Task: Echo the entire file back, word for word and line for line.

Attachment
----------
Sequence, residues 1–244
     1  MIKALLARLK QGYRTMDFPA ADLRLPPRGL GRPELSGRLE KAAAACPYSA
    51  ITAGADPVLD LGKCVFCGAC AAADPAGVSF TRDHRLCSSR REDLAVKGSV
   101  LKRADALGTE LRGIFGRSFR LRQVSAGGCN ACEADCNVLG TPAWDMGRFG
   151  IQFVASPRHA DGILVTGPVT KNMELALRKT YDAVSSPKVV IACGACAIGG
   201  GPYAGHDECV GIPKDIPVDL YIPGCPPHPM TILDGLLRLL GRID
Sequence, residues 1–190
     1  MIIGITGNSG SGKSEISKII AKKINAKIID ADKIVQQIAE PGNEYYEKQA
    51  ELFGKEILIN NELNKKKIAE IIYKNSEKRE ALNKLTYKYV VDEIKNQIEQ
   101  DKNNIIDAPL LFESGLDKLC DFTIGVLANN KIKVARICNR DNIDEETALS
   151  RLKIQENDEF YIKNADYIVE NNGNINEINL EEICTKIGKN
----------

Sequence, residues 1–244
     1  MIKALLARLK QGYRTMDFPA ADLRLPPRGL GRPELSGRLE KAAAACPYSA
    51  ITAGADPVLD LGKCVFCGAC AAADPAGVSF TRDHRLCSSR REDLAVKGSV
   101  LKRADALGTE LRGIFGRSFR LRQVSAGGCN ACEADCNVLG TPAWDMGRFG
   151  IQFVASPRHA DGILVTGPVT KNMELALRKT YDAVSSPKVV IACGACAIGG
   201  GPYAGHDECV GIPKDIPVDL YIPGCPPHPM TILDGLLRLL GRID
Sequence, residues 1–190
     1  MIIGITGNSG SGKSEISKII AKKINAKIID ADKIVQQIAE PGNEYYEKQA
    51  ELFGKEILIN NELNKKKIAE IIYKNSEKRE ALNKLTYKYV VDEIKNQIEQ
   101  DKNNIIDAPL LFESGLDKLC DFTIGVLANN KIKVARICNR DNIDEETALS
   151  RLKIQENDEF YIKNADYIVE NNGNINEINL EEICTKIGKN